Truthdig contributor Sonali Kolhatkar, reporting straight from Philadelphia, spoke with Bernie Sanders delegates on the first day of the Democratic National Convention — just one day after Debbie Wasserman Schultz announced her resignation as chairwoman of the Democratic National Committee.

“It in fact hurts me a lot that the party I grew up wanting to be a part of is so corrupt,” Manuel Zapata, a Bernie Sanders delegate and longtime Democrat, told Kolhatkar. Although Sanders has endorsed Hillary Clinton, delegates still have mixed feelings about following his lead. Earlier Monday, for example, members of the Florida delegation booed Wasserman Schultz when she addressed Florida delegates, revealing the strong discontent within the party at the start of the convention.

“We’ve known all along these were the kinds of things that we’ve suspected,” delegate Karen Bernal said of the DNC emails, released Friday by WikiLeaks, that showed party efforts to undermine Sanders’ campaign. “And now to actually have proof about it should surprise no one.”

Later in the day, Kolhatkar joined the ‘March for Our Lives’ protest near Philadelphia’s city hall, and also reported from a massive demonstration just outside of the Wells Fargo Center.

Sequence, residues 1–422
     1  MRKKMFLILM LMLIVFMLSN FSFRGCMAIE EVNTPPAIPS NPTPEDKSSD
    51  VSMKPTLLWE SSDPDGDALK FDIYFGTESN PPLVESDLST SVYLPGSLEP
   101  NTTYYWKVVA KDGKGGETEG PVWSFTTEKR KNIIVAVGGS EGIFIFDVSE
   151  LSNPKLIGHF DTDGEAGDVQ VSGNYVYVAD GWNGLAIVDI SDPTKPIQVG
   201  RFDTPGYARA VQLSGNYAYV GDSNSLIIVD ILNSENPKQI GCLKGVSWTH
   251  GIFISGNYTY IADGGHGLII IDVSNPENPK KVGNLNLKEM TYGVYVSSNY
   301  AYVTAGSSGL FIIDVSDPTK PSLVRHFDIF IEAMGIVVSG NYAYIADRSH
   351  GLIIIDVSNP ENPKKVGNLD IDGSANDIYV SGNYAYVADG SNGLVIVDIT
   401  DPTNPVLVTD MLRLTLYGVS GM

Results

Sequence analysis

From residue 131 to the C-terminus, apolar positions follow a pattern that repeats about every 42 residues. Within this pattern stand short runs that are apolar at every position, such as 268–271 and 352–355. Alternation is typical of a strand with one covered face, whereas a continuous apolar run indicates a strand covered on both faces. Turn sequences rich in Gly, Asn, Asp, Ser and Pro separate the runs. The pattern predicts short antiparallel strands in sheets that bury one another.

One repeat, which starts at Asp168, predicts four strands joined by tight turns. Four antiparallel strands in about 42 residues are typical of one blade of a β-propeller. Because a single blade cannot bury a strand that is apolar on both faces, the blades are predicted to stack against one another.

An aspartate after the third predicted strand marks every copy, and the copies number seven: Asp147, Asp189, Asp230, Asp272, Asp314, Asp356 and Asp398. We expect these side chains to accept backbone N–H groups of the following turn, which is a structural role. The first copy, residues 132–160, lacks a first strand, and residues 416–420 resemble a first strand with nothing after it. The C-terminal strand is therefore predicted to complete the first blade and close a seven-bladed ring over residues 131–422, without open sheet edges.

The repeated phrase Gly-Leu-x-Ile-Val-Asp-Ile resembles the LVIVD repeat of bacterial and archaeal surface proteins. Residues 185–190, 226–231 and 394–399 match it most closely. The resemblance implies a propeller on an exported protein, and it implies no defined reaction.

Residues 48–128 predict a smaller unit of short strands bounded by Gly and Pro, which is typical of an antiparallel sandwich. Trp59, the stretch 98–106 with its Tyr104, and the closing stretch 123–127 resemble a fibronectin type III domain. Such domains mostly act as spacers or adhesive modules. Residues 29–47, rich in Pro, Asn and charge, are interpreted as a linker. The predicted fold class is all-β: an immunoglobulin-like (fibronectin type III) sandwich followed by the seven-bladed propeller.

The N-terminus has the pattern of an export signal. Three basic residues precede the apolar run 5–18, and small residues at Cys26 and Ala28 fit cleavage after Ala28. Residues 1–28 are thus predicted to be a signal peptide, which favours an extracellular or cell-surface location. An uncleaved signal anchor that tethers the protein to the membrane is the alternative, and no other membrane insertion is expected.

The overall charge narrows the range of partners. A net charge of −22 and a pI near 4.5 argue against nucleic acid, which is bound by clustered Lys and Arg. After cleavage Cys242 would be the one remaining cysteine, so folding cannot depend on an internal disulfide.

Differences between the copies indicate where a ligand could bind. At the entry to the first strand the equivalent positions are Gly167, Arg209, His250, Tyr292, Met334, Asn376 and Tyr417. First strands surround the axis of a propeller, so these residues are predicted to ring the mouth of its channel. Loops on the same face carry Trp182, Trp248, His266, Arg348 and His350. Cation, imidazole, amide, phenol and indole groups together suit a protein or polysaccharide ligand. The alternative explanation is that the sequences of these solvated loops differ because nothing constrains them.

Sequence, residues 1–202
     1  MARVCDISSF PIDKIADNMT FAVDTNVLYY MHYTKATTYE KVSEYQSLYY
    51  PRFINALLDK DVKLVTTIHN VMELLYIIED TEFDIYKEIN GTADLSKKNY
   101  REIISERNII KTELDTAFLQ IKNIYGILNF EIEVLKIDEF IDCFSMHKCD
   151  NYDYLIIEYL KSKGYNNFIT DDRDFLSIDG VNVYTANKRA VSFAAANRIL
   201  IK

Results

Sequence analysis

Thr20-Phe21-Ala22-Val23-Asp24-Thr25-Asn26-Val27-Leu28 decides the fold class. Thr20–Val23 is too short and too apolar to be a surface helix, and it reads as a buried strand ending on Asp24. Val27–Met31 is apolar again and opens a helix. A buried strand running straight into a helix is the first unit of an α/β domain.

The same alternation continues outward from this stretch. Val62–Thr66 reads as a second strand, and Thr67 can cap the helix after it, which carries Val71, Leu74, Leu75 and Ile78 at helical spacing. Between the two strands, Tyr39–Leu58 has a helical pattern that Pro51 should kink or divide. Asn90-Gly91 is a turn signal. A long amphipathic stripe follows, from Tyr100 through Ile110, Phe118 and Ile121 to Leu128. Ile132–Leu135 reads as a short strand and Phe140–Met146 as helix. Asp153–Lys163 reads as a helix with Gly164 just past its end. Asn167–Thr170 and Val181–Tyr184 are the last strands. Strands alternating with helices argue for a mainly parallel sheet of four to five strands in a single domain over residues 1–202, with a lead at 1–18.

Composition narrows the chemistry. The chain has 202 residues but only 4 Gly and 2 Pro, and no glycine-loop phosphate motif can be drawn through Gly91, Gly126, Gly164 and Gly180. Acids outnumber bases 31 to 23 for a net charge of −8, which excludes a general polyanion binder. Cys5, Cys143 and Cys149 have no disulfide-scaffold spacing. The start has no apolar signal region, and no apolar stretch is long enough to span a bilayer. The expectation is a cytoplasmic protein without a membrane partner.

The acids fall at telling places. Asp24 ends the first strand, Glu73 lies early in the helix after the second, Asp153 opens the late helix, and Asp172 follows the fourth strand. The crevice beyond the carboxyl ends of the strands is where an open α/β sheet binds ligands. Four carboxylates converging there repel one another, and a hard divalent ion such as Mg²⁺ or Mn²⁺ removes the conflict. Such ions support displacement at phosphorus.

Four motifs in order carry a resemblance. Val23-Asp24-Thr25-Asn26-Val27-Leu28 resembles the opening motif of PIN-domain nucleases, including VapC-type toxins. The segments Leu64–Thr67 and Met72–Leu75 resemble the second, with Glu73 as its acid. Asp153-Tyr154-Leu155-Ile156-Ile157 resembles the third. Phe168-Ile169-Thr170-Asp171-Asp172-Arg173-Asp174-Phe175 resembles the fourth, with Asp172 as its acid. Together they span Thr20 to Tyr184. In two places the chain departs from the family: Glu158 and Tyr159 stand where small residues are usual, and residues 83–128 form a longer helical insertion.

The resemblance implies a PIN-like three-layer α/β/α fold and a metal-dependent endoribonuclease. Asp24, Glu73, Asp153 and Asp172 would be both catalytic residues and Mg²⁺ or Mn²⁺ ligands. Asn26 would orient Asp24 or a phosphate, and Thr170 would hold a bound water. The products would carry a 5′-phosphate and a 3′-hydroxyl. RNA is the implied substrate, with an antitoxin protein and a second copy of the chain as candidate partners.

Watch the entire interview above, and keep up with Truthdig’s live coverage of the convention here.

—Posted by Emma Niles.

Wait, before you go…

If you're reading this, you probably already know that non-profit, independent journalism is under threat worldwide. Independent news sites are overshadowed by larger heavily funded mainstream media that inundate us with hype and noise that barely scratch the surface.  We believe that our readers deserve to know the full story. Truthdig writers bravely dig beneath the headlines to give you thought-provoking, investigative reporting and analysis that tells you what’s really happening and who’s rolling up their sleeves to do something about it.

Like you, we believe a well-informed public that doesn’t have blind faith in the status quo can help change the world. Your contribution of as little as $5 monthly or $35 annually will make you a groundbreaking member and lays the foundation of our work.

Support Truthdig